Wednesday, December 3, 2014

Spaghetti Trap

Charlotte Firbank-King

You’ve probably heard the term Spaghetti Western. It’s a sub-genre of western movies that reared its head in in the 1960s whose main aim was to imitate what was already a successful genre. They were low-budget movies using unknown actors produced and directed by Italians. The movies were mightily slated by critics in the US, England, and Europe. In fact, an Italian critic first coined the phrase Spaghetti Western. Then A Fistful of Dollars became a box office hit and it was a free for all; everyone in the industry was in on the action.

The same can be said for romance novels. Scholars have made a study of the romance genre, and authors like Jane Austen, Georgette Heyer and Samuel Richardson, among others, are seen as the forerunners of romance. In the 1930s, British publisher Mills and Boon started churning out escapist, feel-good books with happy endings aimed at women. They had to be tasteful and chaste with wilting virgins and hunky men.

Barbara Cartland started her writing career in 1901 with a risqué novel, Jigsaw, which became a bestseller. She is still considered the most prolific romance writer of all time. She produced over 700 novels, writing 23 books in one year, for which she holds the Guinness World Record. Georgette Heyer accused her of plagiarism—an accusation the high-flying society gal, Barbara, managed to field with her team of lawyers. Her work naturally deteriorated and became what can only be called Spaghetti Romance.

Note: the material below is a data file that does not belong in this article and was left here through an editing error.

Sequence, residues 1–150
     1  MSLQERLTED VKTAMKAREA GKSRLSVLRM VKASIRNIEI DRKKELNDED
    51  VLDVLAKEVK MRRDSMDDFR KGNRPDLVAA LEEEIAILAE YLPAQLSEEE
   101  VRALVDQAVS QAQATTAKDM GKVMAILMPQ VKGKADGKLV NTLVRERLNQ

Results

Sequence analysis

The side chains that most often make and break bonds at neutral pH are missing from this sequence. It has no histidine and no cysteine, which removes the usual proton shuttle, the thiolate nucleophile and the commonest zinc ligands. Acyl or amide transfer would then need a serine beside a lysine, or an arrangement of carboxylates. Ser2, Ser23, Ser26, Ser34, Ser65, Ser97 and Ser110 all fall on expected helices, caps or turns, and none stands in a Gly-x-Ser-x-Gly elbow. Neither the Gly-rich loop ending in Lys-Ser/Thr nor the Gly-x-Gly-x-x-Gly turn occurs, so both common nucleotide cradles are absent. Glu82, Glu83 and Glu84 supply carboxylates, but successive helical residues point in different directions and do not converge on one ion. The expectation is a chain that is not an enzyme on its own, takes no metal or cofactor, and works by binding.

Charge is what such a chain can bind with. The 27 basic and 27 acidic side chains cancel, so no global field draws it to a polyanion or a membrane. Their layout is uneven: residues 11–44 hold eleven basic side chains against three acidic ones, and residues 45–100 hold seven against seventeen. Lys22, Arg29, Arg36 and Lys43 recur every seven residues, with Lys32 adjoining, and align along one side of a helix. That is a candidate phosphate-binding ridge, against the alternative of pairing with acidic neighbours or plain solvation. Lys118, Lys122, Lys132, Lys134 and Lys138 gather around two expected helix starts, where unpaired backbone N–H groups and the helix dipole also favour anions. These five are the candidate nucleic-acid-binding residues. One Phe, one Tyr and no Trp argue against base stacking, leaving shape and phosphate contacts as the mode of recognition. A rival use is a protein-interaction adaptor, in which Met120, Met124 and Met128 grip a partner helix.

My point is that millions of authors have followed in her footsteps with varying degrees of success, but mostly failure. With the advent of Kindle, badly written books have escalated the spaghetti trend. The Twilight saga set off a spate of vampire books and movies, and Fifty Shades of Grey has put erotica on a new high with no holds barred.

My question is, are there no original authors out there? I write romance, but I’m almost embarrassed to admit it. Years ago, when I decided that I enjoyed writing romance, a publisher told me to read as much as possible in the genre I’d chosen. I spent an unhappy year reading thousands of romance novels. At the end of this year of penance, all I knew was that I didn’t want to write like that.

I urge every aspiring writer to read as many books as they can in the genre of their choice—then think laterally and be original. Don’t fall into the spaghetti trap.

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